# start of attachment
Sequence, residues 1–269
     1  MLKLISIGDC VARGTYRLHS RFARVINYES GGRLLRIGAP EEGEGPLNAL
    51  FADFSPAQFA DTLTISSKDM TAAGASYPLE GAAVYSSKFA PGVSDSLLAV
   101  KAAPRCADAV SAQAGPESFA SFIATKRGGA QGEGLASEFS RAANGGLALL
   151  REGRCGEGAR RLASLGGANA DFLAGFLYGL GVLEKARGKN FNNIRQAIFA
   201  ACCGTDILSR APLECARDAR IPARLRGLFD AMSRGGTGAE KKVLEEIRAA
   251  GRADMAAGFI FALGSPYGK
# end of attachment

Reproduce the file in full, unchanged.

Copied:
Sequence, residues 1–269
     1  MLKLISIGDC VARGTYRLHS RFARVINYES GGRLLRIGAP EEGEGPLNAL
    51  FADFSPAQFA DTLTISSKDM TAAGASYPLE GAAVYSSKFA PGVSDSLLAV
   101  KAAPRCADAV SAQAGPESFA SFIATKRGGA QGEGLASEFS RAANGGLALL
   151  REGRCGEGAR RLASLGGANA DFLAGFLYGL GVLEKARGKN FNNIRQAIFA
   201  ACCGTDILSR APLECARDAR IPARLRGLFD AMSRGGTGAE KKVLEEIRAA
   251  GRADMAAGFI FALGSPYGK